Do golf and business still mix?

With business budgets tightening and corporate culture changing, golf isn’t the oft-used tool for corporate sales, executive networking and teambuilding it was a decade or more ago.

The shift has left golf course operators working to fill tee times for non-primetime weekdays slots—those typically booked by businessmen and women—and trying new tactics to lure corporate types back in larger numbers.

Golf course operators nationwide reported that revenue from business-related uses declined by 15 percent in the last decade and by nearly 25 percent since the 1980s, according to the National Golf Foundation, a trade group based in Florida.

Midwest golf courses—including those Indiana and Michigan—have suffered even steeper declines from corporate types due to the turbulence in the U.S. automotive sector, local golf course managers said.

Golf course operators said patrons using golf for myriad business reasons—including corporate-driven charity outings—counted for as much as one-third of their business through the 1990s, but that is now down in many cases below 20 percent.

Stinging culture shift

“There’s been a decline in that segment for several reasons,” said Milt Thompson, who is the president of a local sports marketing firm and co-owner of The Trophy Club golf course in Lebanon. “I still see some business-to-business opportunities on the golf course, but a lot of the young executives don’t use the sport the way their older predecessors did. I suppose there’s been a culture shift.”

The golf industry is grappling with how the exit of millions of Baby Boomers from the workplace will affect the sport, Thompson said. On the one hand, the retiring masses should have more leisure time. But, their Gen X and Gen Y counterparts may be less apt to hold corporate functions on the links.

“That’s one of the big unknowns,” Thompson said. “How much of this downturn is related to the economy, and how much of it is a culture shift? The part related to the economy is likely to come back. With a culture shift, it may not.”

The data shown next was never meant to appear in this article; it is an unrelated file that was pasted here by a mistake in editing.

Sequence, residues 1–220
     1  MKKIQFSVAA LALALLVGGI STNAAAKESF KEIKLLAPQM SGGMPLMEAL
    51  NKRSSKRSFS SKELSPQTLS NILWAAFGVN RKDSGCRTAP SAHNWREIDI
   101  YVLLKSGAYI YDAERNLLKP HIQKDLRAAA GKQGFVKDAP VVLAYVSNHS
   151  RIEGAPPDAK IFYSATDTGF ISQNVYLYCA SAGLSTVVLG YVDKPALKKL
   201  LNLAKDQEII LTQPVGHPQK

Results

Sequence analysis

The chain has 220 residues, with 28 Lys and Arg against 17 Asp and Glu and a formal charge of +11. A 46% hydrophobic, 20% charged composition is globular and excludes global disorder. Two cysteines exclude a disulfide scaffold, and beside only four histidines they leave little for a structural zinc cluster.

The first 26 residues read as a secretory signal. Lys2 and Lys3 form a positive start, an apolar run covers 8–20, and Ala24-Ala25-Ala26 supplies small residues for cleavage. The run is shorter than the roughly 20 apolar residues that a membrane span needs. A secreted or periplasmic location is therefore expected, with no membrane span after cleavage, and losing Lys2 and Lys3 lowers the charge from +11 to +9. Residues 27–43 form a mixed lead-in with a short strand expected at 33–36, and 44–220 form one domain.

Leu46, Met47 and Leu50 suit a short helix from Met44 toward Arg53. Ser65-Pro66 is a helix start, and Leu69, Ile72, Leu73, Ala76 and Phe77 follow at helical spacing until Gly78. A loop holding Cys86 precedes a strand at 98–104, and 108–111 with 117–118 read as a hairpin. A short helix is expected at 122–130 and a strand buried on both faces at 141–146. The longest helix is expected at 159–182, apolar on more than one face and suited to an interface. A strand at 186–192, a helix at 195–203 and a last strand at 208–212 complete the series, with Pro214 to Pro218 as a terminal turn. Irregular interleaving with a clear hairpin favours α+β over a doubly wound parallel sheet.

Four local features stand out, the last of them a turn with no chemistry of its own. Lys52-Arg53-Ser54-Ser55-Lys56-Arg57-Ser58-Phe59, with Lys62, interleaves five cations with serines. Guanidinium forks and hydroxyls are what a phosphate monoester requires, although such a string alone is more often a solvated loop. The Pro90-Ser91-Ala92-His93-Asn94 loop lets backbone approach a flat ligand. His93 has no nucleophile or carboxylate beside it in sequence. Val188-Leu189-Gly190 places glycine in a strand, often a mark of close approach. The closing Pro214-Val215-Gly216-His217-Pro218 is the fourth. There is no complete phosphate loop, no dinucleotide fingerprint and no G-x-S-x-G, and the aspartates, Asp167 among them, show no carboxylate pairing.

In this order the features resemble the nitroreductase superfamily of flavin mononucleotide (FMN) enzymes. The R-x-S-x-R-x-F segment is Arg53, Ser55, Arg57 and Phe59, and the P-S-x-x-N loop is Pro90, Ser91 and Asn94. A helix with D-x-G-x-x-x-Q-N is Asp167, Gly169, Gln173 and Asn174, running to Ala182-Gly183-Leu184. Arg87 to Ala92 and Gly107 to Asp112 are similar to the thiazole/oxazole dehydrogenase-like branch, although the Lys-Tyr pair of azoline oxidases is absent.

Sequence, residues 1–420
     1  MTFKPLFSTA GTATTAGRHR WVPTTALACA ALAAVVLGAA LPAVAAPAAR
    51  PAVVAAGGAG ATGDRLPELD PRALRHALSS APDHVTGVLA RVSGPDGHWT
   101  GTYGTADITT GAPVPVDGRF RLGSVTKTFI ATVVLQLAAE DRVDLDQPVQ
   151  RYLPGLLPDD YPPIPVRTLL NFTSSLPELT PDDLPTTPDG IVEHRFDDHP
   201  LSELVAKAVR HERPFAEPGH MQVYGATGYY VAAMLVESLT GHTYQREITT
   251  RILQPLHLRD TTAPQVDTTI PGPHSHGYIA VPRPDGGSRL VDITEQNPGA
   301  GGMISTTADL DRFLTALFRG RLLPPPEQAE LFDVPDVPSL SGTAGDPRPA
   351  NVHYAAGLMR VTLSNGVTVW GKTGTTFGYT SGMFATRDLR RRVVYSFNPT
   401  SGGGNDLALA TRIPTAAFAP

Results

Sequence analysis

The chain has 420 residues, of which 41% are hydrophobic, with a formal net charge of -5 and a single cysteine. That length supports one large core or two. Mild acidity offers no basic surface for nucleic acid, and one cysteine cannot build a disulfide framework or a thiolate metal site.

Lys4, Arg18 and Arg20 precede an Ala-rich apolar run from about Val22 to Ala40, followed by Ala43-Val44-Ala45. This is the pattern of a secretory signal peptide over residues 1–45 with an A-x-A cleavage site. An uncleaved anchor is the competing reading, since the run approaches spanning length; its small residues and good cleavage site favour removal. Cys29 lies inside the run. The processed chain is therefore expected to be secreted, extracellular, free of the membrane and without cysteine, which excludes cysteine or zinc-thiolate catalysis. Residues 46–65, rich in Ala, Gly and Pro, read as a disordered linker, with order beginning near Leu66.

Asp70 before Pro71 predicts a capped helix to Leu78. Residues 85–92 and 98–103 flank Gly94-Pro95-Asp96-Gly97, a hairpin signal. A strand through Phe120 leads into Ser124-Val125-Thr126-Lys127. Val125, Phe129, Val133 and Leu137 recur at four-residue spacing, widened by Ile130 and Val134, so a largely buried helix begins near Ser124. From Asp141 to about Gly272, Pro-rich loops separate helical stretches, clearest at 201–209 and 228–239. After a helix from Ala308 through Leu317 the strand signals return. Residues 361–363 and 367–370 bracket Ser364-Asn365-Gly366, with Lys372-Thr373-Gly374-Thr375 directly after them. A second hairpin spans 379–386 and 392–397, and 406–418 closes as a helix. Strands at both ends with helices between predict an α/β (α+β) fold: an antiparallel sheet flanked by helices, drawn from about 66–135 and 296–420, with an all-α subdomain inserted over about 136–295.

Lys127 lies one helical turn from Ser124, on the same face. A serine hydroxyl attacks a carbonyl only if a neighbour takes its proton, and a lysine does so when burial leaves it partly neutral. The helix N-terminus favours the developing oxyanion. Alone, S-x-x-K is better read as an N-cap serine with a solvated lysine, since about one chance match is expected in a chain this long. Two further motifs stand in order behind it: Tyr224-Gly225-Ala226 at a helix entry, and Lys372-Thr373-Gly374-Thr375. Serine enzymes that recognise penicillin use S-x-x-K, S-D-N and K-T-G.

Thompson thinks course operators need to start doing a better job reaching out to a younger, more diverse audience.

“The game has to be grown in general,” Thompson said. “As the corporate decision makers change, we have to start appealing to more young people and minorities.”

Jon Stutz, golf pro at Purgatory Golf Club in Noblesville, said the decline in corporate business has been accelerated in the last five years.

“What I see is a lot of companies still entertaining on the golf course, but it’s on a little smaller scale,” Stutz said. “Companies used to regularly bring out parties of 80 or 100 players, now it’s more like 12 or 16. Certain industries, like medical that used to be a really big piece of business for us, have really cut back.”

Another thing that has shrunk the corporate golf crowd more recently has been the downsizing of conventions and other business meetings here, golf operators said.

“The loss of corporate headquarters has hurt, and convention groups seem to have scaled back quite a bit in the last three or four years,” Stutz said.

Local golf club and course operators estimated that convention-goers accounted for about one-third of business-related revenue as recently as 2005, but now account for about 20 percent.

Corporate business is still a major driver, Stutz said, with the Saturday before the Indianapolis 500 still registering as the biggest day of the year for many central Indiana courses. “That’s a huge day for corporate entertaining,” he said. 

With the corporate downturn, weekday business has taken the biggest hit—by far.

“Weekends are still really strong for us,” Thompson said. “But what about Wednesday morning at 10 o’clock? That’s the niche that corporate golf really filled. Now courses are scrambling to fill those with discounted rates and other specials. It’s really hurt the bottom line for a lot of courses.”

Dealmakers still like golf

Many business-types still think golf is a valuable sales and networking tool, said Mike David, executive director of the Indiana Golf Office, the organizing and sanctioning body for golf in Indiana.